“Tell us about the Big Men, Ke-ke-was,” cried everyone in a breath. The old man shook his head. “Tell me, Ke-ke-was,” persisted Minat-coe, coaxingly, and the old man slowly filling his pipe began thus:
“In the days that are gone I hunted in the mountains alone and fearless. Game of all kinds was plentiful and every night I returned to our camp with my horse heavily laden. At last my father and mother grew weary of meat, and longed for the bright trout that frequent these waters. My father went up the stream a days’ journey from our encampment, and built a fish trap similar to the ones we are making now. When he had finished, he put me in charge of it. I visited it daily, every morning. I went at sunrise and returned with fish enough for all our tribe. Suddenly the supply of fish ceased. Day after day I went but found nothing in the trap. Thinking it must have been robbed, I resolved to watch, so taking my blanket with me one night, I lay down by the trap. The moon had not yet risen, and the night was dark and cloudy. All night I watched but no one came near the trap. Towards morning I fell asleep and soon I began to have troubled dreams. I heard a shrill shrieking whistle as of the north wind, and my senses were oppressed by a vile, suffocating odour. Suddenly I awoke to a consciousness of being lifted off the ground. Upwards I was lifted until I found myself on a level with a monstrous face.
“I was too frightened to observe much, for a huge pair of jaws opened, and emitted a laugh that sounded like thunder. I expected every moment to be put into that huge mouth and devoured; but the great creature in whose hands I was, stooped down and lifted up my blanket, which had fallen to the ground, and wrapping it carefully around me, placed me in the bosom of the goatskin shirt he wore. I struggled until I got my head into the air, for there was a fearful smell of garlic about this huge creature that nearly choked me.
“Soon he began to whistle. It was the same sound I had heard in my sleep and thought was the north wind. The Big Man calmly filled the basket with fish out of my trap, then, slinging it onto his shoulders, he stopped and taking me out of his breast, he took a fish and tried to cram it down my throat, but seeing me choke he desisted and put me once more in his bosom and went on his way whistling.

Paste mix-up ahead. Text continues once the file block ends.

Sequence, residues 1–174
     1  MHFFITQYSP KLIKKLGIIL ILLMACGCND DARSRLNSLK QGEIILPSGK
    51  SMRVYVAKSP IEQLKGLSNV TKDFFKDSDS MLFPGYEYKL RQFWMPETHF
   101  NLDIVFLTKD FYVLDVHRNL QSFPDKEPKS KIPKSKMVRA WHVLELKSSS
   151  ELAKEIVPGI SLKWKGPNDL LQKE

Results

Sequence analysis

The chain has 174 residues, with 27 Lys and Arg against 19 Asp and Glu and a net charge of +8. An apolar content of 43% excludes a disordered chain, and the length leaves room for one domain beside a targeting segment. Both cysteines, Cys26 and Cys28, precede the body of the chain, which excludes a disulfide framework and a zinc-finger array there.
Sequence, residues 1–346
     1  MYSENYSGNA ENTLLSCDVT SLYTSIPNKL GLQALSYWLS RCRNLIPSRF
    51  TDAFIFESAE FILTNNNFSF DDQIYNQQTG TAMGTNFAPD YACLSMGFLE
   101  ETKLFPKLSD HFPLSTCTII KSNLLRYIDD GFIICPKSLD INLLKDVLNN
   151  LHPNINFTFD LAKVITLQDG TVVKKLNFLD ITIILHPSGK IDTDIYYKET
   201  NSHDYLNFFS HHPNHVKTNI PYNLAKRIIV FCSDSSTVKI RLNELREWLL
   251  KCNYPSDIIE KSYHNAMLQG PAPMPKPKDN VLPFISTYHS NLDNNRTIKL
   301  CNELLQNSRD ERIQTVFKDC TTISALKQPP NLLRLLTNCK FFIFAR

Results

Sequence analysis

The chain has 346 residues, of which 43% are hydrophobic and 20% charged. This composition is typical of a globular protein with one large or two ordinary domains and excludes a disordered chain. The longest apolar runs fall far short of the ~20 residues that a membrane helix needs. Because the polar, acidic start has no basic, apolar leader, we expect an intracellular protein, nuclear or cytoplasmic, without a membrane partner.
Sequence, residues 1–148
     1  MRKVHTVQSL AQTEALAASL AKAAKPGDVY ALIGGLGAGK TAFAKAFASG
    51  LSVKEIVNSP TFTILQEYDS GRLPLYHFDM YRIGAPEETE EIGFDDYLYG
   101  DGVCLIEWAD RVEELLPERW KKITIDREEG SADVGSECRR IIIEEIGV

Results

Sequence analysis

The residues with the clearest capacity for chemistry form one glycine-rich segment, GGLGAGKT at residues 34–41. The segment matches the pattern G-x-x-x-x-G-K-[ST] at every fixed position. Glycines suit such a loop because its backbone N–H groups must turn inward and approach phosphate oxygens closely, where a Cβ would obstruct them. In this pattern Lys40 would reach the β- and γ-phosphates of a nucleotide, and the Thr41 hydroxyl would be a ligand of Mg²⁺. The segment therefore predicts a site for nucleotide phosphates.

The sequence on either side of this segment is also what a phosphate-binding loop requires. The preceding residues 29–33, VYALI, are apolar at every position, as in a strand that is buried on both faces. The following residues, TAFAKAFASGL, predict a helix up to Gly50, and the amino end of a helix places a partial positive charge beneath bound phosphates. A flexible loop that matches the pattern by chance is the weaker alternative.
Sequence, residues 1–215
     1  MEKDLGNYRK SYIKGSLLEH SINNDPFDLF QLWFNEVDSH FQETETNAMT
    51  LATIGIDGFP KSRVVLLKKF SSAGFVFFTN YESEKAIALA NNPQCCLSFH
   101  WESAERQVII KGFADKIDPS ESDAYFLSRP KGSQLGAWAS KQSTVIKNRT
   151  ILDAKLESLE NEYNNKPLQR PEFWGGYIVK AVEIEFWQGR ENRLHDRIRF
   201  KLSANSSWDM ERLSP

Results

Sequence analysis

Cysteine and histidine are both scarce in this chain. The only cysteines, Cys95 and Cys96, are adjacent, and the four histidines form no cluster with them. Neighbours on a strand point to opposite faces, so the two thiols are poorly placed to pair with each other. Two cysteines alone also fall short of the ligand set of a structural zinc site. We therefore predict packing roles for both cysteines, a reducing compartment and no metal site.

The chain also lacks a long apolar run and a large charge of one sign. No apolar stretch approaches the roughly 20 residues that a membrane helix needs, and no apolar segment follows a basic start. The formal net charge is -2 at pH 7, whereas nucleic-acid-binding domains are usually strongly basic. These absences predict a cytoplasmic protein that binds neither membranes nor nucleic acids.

“Peeping out of the bosom of his shirt I saw we were in a huge cave. It was dark save for the red glow of some smouldering embers at the farther end. Throwing a few twigs on the embers, the Big Man blew them until with a sharp crackling sound they began to blaze, then I saw how vast a cave we were in. It was somewhat low for its size, and from the roof hung garlic, meat and herbs. Taking me out of his shirt, the Big Man tied me with a rope by the leg to a log that lay near the fire. There he stood looking at me, and then for the first time I had a good look at him. Thou knowest, Torouskin, that I was ever esteemed a large man, but standing by the Big Man my head was scarce level with his knees. His body was covered with garments of goatskin and was white, and he had a long bushy beard that hung down to his waist. After taking a long look at me he went to a dark corner of the cave and presently returned with an armful of soft furs, which he threw on the ground at my feet and signed me to lie down. He next began to string fish on a long slender willow, which he hung in front of the fire. I watched his movement with fear and curiosity; soon I heard a shrieking whistle outside the cave. At first it seemed distant, then it came nearer and soon it ceased, and with a loud trampling noise, another Big Man entered the cave. He had evidently been hunting, for he carried three fine does supported by their necks from his belt as thou, Torouskin, would hang a grouse. Pulling them from his belt, he threw them on the ground and advancing, squatted down beside the Big Man who had taken me, and they began to converse in voices like thunder. As I watched the two Big Men I was struck with the mild kindly look on their big faces. Presently my captor came to me and loosing the strong rope that held me, took me over to the firelight for his companion to look at. The other Big Man after examining me closely, burst into a fit of laughter in which his companion joined. Then he seated me on his knee while his friend took the fish from before the fire and they began to eat their evening meal. They gave me a portion and seemed much amused to see me eat. Suddenly one of the Big Men gave a howl of pain, and moaning, held out his hand for his friend to look at. The other Big Man examined it tenderly and big tears of sympathy streamed down his cheeks. Standing on his knees I could see that a fishbone had run into his thumb and as their fingers were altogether too clumsy to remove it, I seized the bone in my teeth and pulled it out. The Big Man smiled, looked grateful, and soon dried his tears. I afterwards found that these Big Men were extremely sensitive to pain, the least hurt would make them cry and moan.